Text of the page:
• Automation maturity:
    Automated end-to-end processes are measured and controlled, providing visibility and insights into each activity (status, cost, time to complete, stakeholders), as well as cross-activity insights. The metrics of the automated processes are measured against the business goals.
  • Collaboration maturity:
    Collaboration-based processes are measured to identify inefficiencies and bottlenecks by collecting information about people involved in activities, their level of expertise and contribution, relevance of the information or efficiency of the performed steps.

Level 5 – Optimized        

  • Process maturity:
    There is continuous assessment of the overall process (as opposed to optimization of separate activities) aimed at achieving the business objectives with minimal risk and cost.
  • Automation maturity:
    There is continuous improvement of automated process using metric analytics, self-learning and self-remediation. Self-service automation is provided to different stakeholders in the organization.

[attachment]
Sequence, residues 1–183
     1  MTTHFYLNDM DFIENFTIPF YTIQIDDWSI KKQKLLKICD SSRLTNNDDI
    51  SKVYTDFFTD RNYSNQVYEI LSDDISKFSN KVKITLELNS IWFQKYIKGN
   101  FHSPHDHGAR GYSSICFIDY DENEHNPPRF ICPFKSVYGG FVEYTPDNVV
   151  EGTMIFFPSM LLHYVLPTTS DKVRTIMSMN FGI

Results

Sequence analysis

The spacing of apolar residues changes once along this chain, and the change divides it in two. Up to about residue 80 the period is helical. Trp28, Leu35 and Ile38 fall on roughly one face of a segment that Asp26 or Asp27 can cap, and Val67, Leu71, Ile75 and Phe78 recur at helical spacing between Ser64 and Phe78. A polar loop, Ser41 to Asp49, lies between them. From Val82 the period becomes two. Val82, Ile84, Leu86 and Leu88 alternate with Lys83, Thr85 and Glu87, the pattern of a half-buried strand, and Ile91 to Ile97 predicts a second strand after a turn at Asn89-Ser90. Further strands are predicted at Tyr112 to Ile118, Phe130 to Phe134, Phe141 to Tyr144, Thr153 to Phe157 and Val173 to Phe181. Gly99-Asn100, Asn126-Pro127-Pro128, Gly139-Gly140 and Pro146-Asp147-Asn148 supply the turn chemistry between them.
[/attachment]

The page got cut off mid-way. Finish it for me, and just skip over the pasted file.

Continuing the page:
• Collaboration maturity:
    Collaboration is optimized for effective and continuous knowledge sharing and individual empowerment.

Part 2 of this article will provide several practical examples on how the model is used to estimate the maturity level of different activities, and what is required to move to the next level.


Post contributors: Shani Inbar, Sayers Yaniv, Pearl Gil, Schitzer Eran, Shufer Ilan, Kogan Olga, Srinivasan Ravi


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About the Author


Seasoned architect with over 12 years of experience in the enterprise software business, contributing to setting the roadmap / vision, high level architecture and technology review, innovation management and product integration within HP Software portfolio.